Want to file comments or participate in an investigation into the evasion of AD/CVD orders?

Great Lakes Customs Law is available to assist interested parties and trade organizations in preparing comments to the interim final rule that must be received by CBP by October 22, 2016 (again, now extended to December 20, 2016). If you’ve been named a respondent or have received a questionnaire from CBP about your import practices, or are interested in commencing an investigation against someone who you believe is evading anti-dumping duties imposed by CBP, give our customs law firm a call for a free telephone consultation.

Customs Seeks to Enforce § 1592 Penalties for Misclassification at CIT

The industry website RubberNews.com has a story about a tire distributor called China Tire out of California who is facing a potential $17 million fraud penaltiy under 19 USC  § 1592 for allegedly fradulent, negligent, or grossly negligent mis-classification of certain bus and truck tires into the United States. According to the story, which relies on the government’s allegations filed in the Court of International Trade, China Tire basically did some broker-shopping after its first customs broker refused to re-classify its product into a duty free Customs Money Seizureprovision of the Harmonized Tariff Schedule (HTS).

Instead of classifying them as bus and truck tires, they were classified as duty-free pneumatic tires. This classification caught the attention of Customs and requests for information were sent out. China Tire responded to these requests that “they were pneumatic tires for passenger cars.” Subsequently, China Tire directed its broker to again change classification to tires that were for agriculture and forestry uses.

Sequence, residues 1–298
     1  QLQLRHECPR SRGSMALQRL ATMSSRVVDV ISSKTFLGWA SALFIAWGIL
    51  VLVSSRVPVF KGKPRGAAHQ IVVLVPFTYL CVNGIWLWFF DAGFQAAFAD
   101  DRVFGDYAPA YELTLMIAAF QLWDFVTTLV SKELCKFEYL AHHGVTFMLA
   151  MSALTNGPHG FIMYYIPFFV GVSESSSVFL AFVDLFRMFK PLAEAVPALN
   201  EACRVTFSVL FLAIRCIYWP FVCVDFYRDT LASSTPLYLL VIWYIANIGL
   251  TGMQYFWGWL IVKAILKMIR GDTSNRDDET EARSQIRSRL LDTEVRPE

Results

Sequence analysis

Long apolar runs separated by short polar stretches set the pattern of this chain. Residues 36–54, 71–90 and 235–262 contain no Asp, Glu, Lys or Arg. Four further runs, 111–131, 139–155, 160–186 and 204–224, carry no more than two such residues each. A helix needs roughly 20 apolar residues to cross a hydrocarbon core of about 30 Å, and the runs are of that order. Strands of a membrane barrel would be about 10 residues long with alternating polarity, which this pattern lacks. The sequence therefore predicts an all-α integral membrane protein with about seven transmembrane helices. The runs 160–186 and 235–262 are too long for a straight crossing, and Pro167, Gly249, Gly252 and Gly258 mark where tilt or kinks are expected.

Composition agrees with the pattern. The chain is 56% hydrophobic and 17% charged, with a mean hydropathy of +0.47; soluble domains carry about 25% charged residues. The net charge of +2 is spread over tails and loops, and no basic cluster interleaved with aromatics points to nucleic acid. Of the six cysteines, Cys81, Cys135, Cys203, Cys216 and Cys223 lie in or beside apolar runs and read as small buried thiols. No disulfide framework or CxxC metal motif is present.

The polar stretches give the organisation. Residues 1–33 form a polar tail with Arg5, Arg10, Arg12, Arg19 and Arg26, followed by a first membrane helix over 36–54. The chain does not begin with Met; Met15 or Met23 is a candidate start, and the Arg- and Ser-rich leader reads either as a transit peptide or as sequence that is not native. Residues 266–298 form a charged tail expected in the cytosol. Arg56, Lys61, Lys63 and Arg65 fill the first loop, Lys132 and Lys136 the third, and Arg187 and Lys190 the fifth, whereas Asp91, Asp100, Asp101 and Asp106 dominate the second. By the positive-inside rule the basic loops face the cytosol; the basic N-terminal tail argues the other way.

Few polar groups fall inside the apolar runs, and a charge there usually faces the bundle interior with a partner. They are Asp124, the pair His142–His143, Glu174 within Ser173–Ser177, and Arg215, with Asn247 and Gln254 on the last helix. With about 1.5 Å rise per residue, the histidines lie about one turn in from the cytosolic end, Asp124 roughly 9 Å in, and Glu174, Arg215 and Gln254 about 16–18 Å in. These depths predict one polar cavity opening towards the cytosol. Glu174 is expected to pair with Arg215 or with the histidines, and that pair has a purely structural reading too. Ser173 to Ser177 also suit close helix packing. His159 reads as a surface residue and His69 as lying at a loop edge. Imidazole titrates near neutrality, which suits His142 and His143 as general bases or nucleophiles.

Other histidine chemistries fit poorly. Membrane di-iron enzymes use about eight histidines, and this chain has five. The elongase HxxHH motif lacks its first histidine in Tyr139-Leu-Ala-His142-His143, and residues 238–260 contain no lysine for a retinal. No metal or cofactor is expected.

What followed were standard 19 USC  § 1592 administrative penalty proceedings:

In July 2011, CBP issued a pre-penalty notice against China Tire and its executives John Cheng and Licheng Wang. In that notice, the complaint said, Wang and Cheng were held jointly and severally liable for 253 false entries, with a proposed penalty of nearly $8.1 million.

China Tire’s fraudulent entries cost CBP more than $404,000 in revenue, of which more than $242,000 is still unpaid, according to the complaint.

The current complaint proposes three alternative counts against China Tire, based on charges of fraud, gross negligence or negligence.

If found guilty of fraud, China Tire would face a penalty of nearly $16.9 million, plus the unpaid tariff balance. If found guilty of gross negligence, it would face a penalty of just over $1.6 million, plus the unpaid tariffs. If found guilty of negligence, it would face a penalty of $808,000, plus the unpaid tariffs.

A prior disclosure of the mis-classification would have potentially substantially reduced China Tires’ liability. If you face duty or penalty liability with customs you should contact our office by e-mail or call (734) 855-4999. We are experienced in defending customs 592 penalties, disclosing potential violations through prior disclosures, responding to notices of penalties, and preparing detailed and well argued petitions for mitigation of penalties or liquidated damages. You can also make use of our other articles, such as:

Customs 592 penalties articles:

Importer Allegedly Undervalues Shoe Imports and Gets Criminally Charged

Imports into the United States must be properly classified and valued. Classification has to do with categorizing them on the Harmonized Tariff Schedule of the United States (HTSUS) in an 8 digit tariff code, and a 2 digit statistical suffix; valuation has to do with reporting the dutiable value of the merchandise which is usually the amount paid for the merchandise, plus certain other charges. Classification and valuation are bedrock principles of customs compliance.

In this vein, I was alerted  to a story about about a company that sells shoes/footwear which was, allegedly, reporting incorrect values to customs in order to save on duties. It looks like the company has been making its way in the courts for other reasons to, including trademark and breach of contract disputes. This story illustrates the importance of verify correct classification and valuation of merchandise; this can easily be done by requesting a prospective ruling from customs.